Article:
The Tiananmen Square massacre was more than just a photograph. Today, it’s immortalized in the image of a lone man standing against a line of tanks. But “Tank Man” was just one small moment in a fight for freedom that played out over 50 long days and across nearly every part of the country.
The battle started on April 15, 1989, when the death of Hu Yaobang, a party leader with democratic leanings, sparked protests across the country. Students came out with seven demands calling for greater freedoms and an end to government corruption.
It started as a peaceful protest. But it soon turned violent and, in time, into a massacre that will be etched into history forever.
10 Police Officers Beat 300 Students At Xinhua Gate
More than a month before the massacre began, the first hint of violence broke out at Xinhua Gate. Students from universities across Beijing had come out to protest. A crowd of about 10,000 people staged a sit-in in front of the gate, calling for Premier Li Peng to come out and meet them and yelling, “Long live democracy!”
A gang of 1,000 police officers came out to keep the order, linking their arms to form a circle around 300 of the main protesters and blocking them off from the others. The students were trapped—and, for the first time, things started to get violent.
Some of the students tried to break through the police barricade, while others grabbed rocks and bottles and hurled them at the police. At first, the officers, under orders not to hurt the students, did nothing but hold them back. But by dawn, their orders had changed.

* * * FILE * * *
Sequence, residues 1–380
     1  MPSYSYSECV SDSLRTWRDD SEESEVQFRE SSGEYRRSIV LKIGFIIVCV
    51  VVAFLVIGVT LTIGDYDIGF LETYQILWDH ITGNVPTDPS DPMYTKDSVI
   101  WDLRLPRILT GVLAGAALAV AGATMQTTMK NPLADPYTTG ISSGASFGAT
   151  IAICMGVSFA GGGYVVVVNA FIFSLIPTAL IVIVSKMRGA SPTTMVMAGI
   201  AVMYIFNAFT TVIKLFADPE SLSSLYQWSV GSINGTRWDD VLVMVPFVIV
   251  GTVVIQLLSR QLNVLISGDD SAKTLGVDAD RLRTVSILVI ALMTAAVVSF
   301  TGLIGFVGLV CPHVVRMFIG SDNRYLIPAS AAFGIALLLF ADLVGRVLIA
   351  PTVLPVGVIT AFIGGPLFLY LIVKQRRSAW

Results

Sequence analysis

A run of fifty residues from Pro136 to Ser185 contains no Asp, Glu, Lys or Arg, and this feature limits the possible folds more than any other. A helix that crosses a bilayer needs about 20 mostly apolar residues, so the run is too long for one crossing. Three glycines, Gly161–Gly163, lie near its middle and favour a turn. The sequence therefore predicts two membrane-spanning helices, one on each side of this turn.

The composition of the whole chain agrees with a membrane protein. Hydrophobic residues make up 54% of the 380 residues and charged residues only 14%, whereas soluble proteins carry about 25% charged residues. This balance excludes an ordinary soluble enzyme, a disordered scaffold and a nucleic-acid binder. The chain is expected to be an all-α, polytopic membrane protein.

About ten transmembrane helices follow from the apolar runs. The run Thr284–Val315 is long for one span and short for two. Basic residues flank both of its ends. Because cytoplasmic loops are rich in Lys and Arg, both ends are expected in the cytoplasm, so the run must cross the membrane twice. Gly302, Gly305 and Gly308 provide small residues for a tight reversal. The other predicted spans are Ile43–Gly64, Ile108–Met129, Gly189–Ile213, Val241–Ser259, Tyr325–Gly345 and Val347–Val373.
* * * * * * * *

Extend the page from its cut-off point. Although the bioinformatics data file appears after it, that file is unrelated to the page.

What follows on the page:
Officials sent buses to the site to carry the students back to their campuses, but some of the 300 refused to go. When they resisted, the police, pent up with frustration, pulled out their batons and beat the students half to death. They were dragged onto the buses with heads cracked and bleeding and clothes red with blood.
A peaceful protest had officially turned violent. From that moment, there was no going back.
9 Protesters Brought The Soldiers Food
Even after the Xinhua Gate incident, many of protesters still felt a solidarity with the soldiers who were sent in to keep the peace. Some protesters even fed the soldiers.
On May 19, after more than a month of protests, the Chinese government gave the order to send in the troops. They started to march toward Tiananmen Square, but people swarmed to the streets to block their way. Thousands of people, student protesters and sympathetic citizens alike, rushed into the streets, begging the soldiers not to go any further.
The soldiers were trapped, blocked by throngs of people who chanted slogans at them and lectured. But the people didn’t let the troops suffer. According to one military man, Chen Guang, protesters brought the trapped soldiers food and helped escort them to bathrooms to make sure they were safe.
“We were told they were bad people,” Chen Guang said, “but the students seemed so honest and earnest.”
It was an act of kindness that makes what followed all the more horrifying. Soon enough, Chen Guang and his unit would make their way through, sneaking into the heart of the city in disguise. There, they would be ordered to open fire at the people who, just a few days before, had brought them food.